More than 100 US lawmakers and members of the European parliament have called for removal of the head of the United Arab Emirates’ state-owned oil company Adnoc as the president-designate of the UN COP28 climate summit this year.
The UAE, as the host country for COP28, earlier this year appointed Sultan al-Jaber to lead the climate summit to be held in Dubai from the end of November.
In a joint letter addressed to UN officials, and US and European leaders including US President Joe Biden and European Commission President Ursula von der Leyen, the lawmakers call for the UAE to withdraw Jaber’s appointment as his position as an oil executive risked “undermining the negotiations”.
The group, comprised mainly of Democratic members of the US Congress and left-leaning members of the European parliament, expressed “profound concern” that the UN rules allowed private sector polluters to exert “undue influence” over the process of the climate summit.
Last year’s COP summit hosted by Egypt ended in disappointment for climate activists as well as many developed and developing nations.
Countries including Saudi Arabia and Russia blocked an effort by a broad coalition of more than 80 countries, including the US and EU, to include a reference to phasing down all fossil fuels in final agreement by almost 200 countries.
“It did not escape our attention that at least 636 lobbyists from the oil and gas industries registered to attend last year’s COP — an increase of more than 25 per cent over the previous year,” the lawmakers wrote in the letter.
“When the number of attendees representing polluting corporate actors, which have a vested financial interest in maintaining the status quo, is larger than the delegations of nearly every country in attendance, it is easy to see how their presence could obstruct climate action.”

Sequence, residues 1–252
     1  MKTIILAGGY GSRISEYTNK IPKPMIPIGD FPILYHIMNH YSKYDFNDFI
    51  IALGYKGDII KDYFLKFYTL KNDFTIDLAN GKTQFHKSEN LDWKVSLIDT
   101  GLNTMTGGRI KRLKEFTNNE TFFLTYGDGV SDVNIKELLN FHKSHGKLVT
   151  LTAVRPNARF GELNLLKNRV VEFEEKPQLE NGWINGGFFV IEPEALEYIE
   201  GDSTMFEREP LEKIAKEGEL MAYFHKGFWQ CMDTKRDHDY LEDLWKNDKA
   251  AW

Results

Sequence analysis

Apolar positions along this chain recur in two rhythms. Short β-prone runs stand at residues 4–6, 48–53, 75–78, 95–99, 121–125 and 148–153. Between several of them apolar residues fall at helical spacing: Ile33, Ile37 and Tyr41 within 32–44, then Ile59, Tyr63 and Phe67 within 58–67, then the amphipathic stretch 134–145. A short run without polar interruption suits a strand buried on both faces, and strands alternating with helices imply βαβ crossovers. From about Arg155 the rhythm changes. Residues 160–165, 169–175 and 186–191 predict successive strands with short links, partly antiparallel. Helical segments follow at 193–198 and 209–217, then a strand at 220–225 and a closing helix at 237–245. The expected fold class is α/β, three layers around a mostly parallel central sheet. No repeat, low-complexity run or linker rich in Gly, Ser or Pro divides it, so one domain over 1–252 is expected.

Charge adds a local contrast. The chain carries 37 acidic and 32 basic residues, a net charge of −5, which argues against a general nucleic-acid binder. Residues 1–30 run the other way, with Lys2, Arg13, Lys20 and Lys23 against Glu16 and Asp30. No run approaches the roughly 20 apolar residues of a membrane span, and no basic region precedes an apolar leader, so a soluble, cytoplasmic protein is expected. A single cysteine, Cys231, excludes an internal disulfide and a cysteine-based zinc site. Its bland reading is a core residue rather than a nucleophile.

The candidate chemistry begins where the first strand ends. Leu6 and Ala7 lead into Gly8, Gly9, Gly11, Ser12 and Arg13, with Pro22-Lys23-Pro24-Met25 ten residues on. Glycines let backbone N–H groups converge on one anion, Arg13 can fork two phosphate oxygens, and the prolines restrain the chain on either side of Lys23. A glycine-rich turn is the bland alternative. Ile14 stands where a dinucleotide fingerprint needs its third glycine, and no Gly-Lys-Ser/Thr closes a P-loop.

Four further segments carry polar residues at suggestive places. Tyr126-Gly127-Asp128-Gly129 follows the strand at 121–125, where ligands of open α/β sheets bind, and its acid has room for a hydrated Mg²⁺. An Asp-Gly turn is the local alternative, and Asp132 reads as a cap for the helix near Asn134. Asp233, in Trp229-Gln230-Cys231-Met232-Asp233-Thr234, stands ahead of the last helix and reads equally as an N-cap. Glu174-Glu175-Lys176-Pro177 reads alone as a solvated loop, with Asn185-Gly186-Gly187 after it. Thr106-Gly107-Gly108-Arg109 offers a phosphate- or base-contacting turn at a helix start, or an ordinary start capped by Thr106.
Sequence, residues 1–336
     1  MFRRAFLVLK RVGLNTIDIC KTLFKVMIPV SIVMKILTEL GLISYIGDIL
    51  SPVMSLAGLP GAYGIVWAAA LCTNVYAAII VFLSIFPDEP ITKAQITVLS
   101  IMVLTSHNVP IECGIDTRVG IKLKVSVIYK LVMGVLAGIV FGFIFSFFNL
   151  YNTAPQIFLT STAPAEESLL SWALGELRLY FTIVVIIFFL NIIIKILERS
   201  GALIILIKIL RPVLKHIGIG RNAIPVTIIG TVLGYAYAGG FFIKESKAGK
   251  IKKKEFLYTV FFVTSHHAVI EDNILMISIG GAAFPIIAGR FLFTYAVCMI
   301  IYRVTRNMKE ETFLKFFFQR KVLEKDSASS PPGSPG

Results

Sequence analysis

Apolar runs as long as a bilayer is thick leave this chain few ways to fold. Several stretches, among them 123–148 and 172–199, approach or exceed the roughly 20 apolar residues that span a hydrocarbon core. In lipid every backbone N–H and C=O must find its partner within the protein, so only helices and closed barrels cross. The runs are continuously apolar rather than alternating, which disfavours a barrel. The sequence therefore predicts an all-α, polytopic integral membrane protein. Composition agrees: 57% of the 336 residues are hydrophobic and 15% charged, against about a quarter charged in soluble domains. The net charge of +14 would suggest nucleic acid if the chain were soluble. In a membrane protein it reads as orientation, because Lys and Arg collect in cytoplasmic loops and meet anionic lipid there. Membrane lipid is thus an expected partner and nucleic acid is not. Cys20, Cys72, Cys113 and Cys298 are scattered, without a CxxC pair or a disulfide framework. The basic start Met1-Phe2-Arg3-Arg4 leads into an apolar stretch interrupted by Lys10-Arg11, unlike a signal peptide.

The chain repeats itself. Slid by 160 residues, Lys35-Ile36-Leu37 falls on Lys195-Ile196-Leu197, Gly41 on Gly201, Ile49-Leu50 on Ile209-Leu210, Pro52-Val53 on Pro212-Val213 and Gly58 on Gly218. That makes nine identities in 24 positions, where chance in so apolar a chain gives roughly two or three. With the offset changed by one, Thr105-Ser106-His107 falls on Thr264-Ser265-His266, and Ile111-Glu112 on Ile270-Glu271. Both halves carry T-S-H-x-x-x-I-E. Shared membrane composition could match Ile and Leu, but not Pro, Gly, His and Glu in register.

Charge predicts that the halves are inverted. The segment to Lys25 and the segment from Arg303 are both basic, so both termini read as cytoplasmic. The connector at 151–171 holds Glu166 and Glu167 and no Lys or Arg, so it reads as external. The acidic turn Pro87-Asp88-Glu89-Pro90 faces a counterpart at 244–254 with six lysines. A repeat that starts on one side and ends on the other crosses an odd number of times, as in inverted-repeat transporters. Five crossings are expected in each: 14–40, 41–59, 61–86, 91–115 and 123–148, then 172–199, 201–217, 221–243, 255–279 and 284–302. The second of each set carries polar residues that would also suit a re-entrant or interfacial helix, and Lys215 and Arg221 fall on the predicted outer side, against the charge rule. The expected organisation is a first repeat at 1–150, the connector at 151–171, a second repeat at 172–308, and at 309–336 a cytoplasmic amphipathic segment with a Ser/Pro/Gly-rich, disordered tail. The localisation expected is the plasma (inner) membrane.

In his defence, COP28 said that Jaber had a 20-year career “in the renewable energy space”, citing his role as chair of Masdar, the state-owned renewable energy company.
As Adnoc chief executive, Jaber had been given a clear mandate to “transform, decarbonise and future proof” the company, it said. He had also been involved in climate diplomacy for more than a decade, attending 11 COPs, including the Paris summit, where he led the UAE’s role.
But under Jaber, the Adnoc board also last year accelerated its oil production by bringing forward its capacity expansion to 2027 from 2030, and signed off on $150bn in capital spending over five years to 2027. Adnoc’s capital spending earmarked for “low carbon solutions” stood at $15bn for the years to 2030, by comparison.
The UN climate summit host country has come under growing scrutiny over the agenda and participants. This week, human rights groups criticised the UAE’s decision to invite Syrian president Bashar al-Assad to COP28, with Amnesty International describing it as a “sick joke”.
US climate envoy John Kerry has previously defended the UAE against “unfair” criticism in its role as COP28 organiser, saying it was important to bring oil-producing nations into the UN climate negotiations.
On Tuesday in London, Kerry told a UK parliamentary committee on defence that he was optimistic about the potential of the UN talks to secure meaningful diplomatic agreement.
The US hoped negotiators could “go further than we’ve gone previously in pinning down the level of ambition that we need for mitigation” at COP28, he said.